Training is always more effective when tied to opportunities to practice. We know that many operators come to class just because “I need the hours.” But the purpose of training is really to change performance. If there’s not an avenue for operators to practice what they’ve learned, then the training ends up being nothing more than logging hours. 

Having been a manager myself, I’m pretty adamant about this. Students often complain that they couldn’t practice what they learned because, “We got too busy with other work” or “We didn’t have the tools to do what we learned.” 

It’s frustrating because trainers don’t teach just so an operator can get hours. We’re looking to create a change in performance. 

WSO: What should trainers be doing about affecting a change in performance?

Stoffel: Well, admittedly it’s easier to accomplish for a client when doing customized training because I can tell them, “This is what you have to do to help your people practice what they just learned so it becomes habit.” Most trainers use all kinds of tactics to move what’s taught from students’ short-term memory into their long-term memory. 

For instance, I’m always trying to get students involved in the classroom activities. At MCET we’re starting to use audience response units, or “clickers,” to poll the class on the answers to questions. It’s a great tool to hold their interest and get them engaged in learning. 

WSO: What’s the most difficult topic to teach operators? about math?

Stoffel: Many struggle with the math portion, but I think people get so hung up on the math that they don’t take enough time studying for the operations and process side of the test, and that’s why we see some very low pass rates. You could conceivably miss all math problems and still pass the test, but you can’t miss all the operations questions and still pass. 

Just taking a prep class doesn’t mean you’ll pass the test. Most states have a tough test; these exams are not designed to be easy. Some of the math questions are pretty tough but the operations questions can be just as tough if you don’t study properly. I think the best model is when students have time to immerse themselves in the subject. 

Maryland’s Operators Association holds an annual “Short Course” where the students spend four days living at a college going to classes during the day and taking the state exam the fifth day. They stay in a dorm and every evening there are events designed to keep everyone together – not only to socialize but to foster discussion about the classes. The only night they don’t have an event is on Thursday night before Friday’s test. That’s the study night. Study groups are encouraged, and instructors go around to the various groups and help them out. I think the pass rates are pretty good with this model.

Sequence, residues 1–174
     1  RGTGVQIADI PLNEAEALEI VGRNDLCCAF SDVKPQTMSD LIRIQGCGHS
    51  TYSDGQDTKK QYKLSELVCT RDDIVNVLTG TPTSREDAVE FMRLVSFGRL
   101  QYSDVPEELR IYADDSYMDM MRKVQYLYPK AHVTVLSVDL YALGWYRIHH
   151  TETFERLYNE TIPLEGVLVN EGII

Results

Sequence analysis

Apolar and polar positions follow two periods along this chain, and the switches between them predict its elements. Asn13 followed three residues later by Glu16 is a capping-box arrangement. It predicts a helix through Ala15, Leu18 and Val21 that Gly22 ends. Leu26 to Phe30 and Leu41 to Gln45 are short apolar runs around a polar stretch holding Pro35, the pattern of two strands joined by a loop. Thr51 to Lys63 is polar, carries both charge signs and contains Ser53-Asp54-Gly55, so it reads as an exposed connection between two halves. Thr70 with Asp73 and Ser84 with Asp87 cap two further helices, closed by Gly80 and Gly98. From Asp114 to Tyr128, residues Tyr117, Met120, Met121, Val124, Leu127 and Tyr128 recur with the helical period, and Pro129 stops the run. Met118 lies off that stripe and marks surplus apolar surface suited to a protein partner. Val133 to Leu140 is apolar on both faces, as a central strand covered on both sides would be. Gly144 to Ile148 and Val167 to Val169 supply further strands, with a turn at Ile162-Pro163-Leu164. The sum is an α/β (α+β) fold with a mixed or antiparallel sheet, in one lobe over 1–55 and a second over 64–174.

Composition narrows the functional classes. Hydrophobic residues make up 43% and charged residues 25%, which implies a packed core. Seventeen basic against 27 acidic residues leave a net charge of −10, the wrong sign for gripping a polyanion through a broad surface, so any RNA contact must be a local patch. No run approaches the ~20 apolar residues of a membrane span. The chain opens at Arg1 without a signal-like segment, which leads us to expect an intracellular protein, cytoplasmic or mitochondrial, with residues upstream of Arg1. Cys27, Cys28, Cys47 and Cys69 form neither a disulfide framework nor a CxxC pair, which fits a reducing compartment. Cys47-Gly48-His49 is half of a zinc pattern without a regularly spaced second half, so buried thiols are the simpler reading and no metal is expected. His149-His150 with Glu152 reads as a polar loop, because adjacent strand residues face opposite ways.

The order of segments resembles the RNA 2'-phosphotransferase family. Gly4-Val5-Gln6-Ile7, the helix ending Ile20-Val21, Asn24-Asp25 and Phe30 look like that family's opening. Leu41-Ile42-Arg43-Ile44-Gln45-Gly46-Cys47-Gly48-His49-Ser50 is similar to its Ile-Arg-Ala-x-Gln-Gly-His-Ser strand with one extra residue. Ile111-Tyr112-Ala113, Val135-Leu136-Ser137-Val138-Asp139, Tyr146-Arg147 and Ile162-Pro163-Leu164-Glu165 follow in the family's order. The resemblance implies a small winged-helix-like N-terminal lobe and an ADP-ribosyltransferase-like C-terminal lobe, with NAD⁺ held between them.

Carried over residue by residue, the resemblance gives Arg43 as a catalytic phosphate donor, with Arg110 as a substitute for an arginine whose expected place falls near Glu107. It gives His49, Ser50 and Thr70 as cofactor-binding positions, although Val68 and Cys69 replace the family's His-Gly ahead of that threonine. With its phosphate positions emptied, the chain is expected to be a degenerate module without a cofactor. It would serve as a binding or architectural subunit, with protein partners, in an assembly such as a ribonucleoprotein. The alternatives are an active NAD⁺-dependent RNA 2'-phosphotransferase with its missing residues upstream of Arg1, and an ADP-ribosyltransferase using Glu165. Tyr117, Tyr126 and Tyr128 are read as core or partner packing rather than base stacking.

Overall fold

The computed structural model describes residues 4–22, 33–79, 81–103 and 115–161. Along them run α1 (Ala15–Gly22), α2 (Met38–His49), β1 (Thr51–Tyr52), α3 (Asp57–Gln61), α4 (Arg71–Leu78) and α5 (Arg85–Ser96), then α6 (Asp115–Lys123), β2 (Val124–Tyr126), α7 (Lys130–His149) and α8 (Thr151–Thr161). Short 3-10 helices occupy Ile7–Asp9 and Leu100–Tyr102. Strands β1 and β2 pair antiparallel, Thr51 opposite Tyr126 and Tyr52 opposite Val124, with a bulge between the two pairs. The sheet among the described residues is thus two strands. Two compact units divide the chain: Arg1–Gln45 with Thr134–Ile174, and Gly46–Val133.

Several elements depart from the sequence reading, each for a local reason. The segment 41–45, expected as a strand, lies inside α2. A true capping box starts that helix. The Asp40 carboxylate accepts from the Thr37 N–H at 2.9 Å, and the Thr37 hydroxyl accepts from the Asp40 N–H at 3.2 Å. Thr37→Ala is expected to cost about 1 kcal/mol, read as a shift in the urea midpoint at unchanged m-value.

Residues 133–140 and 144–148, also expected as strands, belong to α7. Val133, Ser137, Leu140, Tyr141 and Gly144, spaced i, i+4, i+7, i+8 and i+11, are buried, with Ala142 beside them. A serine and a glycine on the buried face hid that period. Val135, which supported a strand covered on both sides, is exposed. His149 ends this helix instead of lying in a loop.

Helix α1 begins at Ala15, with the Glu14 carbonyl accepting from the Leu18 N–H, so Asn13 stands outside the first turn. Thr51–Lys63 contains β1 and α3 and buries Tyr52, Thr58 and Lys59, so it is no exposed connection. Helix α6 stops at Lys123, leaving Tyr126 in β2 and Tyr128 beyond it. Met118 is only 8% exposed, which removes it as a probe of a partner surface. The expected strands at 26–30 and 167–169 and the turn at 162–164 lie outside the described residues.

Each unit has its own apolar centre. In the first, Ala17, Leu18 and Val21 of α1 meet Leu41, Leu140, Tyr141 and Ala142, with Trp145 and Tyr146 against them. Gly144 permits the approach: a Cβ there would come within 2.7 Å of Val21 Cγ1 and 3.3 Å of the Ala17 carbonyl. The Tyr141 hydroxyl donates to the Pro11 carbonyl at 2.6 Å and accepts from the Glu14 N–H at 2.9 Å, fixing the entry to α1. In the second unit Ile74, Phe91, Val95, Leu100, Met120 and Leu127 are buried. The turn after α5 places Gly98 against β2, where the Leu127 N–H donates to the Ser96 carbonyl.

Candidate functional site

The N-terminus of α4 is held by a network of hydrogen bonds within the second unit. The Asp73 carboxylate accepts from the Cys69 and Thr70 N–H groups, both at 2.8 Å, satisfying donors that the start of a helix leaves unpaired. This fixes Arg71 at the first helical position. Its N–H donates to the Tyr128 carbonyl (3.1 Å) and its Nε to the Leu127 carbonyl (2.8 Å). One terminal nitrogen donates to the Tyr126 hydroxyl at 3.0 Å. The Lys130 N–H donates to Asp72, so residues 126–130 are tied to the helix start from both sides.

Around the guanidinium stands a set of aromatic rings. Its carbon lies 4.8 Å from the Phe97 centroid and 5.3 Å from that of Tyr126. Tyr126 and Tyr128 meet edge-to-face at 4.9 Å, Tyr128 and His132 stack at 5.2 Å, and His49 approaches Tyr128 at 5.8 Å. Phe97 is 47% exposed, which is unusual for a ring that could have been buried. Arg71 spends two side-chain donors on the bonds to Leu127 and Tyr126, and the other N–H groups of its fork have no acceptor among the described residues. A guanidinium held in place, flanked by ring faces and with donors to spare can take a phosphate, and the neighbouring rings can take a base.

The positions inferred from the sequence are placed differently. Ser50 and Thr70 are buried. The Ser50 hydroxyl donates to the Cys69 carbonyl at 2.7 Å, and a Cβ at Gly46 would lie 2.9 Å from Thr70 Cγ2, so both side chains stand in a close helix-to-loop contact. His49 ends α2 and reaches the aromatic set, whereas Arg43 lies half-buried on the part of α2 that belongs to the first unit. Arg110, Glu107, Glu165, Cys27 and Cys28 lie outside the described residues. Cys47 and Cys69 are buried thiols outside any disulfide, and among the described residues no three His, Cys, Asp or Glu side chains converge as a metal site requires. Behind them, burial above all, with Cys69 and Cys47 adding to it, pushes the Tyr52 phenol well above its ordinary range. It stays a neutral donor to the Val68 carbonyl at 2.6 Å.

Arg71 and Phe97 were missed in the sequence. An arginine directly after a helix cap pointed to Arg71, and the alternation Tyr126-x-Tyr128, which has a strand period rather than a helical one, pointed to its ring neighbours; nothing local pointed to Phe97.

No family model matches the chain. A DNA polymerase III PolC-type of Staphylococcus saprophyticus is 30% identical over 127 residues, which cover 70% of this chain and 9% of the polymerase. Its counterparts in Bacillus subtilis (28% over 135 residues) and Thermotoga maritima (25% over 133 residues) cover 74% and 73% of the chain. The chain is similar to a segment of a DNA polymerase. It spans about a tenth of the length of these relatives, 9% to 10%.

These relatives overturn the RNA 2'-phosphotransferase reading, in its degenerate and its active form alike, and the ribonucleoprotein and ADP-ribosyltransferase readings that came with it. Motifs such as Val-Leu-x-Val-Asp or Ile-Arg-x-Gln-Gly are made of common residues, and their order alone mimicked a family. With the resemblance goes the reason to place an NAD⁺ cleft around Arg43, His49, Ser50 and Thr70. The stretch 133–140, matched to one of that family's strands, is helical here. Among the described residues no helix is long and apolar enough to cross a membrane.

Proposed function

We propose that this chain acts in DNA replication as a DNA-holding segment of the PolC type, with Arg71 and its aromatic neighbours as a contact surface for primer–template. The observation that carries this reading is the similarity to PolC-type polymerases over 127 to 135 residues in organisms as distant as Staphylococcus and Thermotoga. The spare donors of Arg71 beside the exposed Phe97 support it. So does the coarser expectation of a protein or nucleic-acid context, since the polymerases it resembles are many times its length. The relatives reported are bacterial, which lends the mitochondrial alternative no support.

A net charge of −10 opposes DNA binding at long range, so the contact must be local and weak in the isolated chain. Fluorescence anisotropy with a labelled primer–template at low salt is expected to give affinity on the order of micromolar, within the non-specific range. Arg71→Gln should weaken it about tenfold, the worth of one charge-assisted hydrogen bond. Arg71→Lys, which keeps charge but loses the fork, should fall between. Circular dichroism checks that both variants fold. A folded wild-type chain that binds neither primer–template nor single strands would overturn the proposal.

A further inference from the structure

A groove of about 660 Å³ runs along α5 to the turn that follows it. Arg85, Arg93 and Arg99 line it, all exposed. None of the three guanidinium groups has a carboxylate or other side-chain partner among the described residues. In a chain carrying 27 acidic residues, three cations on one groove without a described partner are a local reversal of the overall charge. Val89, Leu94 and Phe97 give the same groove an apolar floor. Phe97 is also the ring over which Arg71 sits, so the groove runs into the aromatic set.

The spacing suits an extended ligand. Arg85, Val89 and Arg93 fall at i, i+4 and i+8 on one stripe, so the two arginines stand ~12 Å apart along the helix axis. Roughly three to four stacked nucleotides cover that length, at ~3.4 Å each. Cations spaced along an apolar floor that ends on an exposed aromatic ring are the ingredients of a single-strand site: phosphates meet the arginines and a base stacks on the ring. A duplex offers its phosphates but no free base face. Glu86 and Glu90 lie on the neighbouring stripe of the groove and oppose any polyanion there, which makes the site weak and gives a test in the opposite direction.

WSO: What’s the key to motivating students to study?

Stoffel: I think there have to be incentives. Utilities have to do more than say “Here’s a class for your state certification. Go get it.” Obviously, the ones who are the most motivated are those who are looking forward to a step-up in pay once they’re certified. 

Utilities have to be clear about what that certification means in terms of pay, job security, responsibilities, and more – especially if certification is not mandated. 

WSO: Do you think states should adopt national certification standards?

Stoffel: I’m on the Florida State Certification Committee for water distribution systems. We use Associated Boards of Certification questions in our certification testing – with one important difference. Florida brings together a committee of utility managers and trainers who actively work in O&M. 

Every year we meet and review the questions submitted by ABC to make sure they are relevant to Florida operators, that the questions are properly phrased, and that every answer can be found in one of the references used for training in the state, such as the Florida Codes, Sacramento Manuals or AWWA/WEF Manuals. Only after that process is the question approved for use in Florida’s exam. 

I think this should be a model for how every state reviews their certification tests. 

WSO: What concerns you most about the future of the industry and its training programs?

Stoffel: What I hear from every operator I talk to is concern that they’re not seeing a lot of young people going into the industry any more. It’s not like it used to be years ago, and they’re worried about who is going to take over these jobs, which are essential for communities. That’s why I think it’s critical that utilities to get involved in job fairs. 

There are a lot of kids coming out of high school and college needing a job, but they have no direction or ideas. In fact, many don’t even know about the jobs available in the water and wastewater fields. 

Kids may initially think these types of jobs are beneath them or don’t see the opportunities that exist. But I started working in this industry when I was fairly young and was able to start drawing a pension at a relatively young age, when I decided to make a move to consulting and training. How many other career fields provide that opportunity?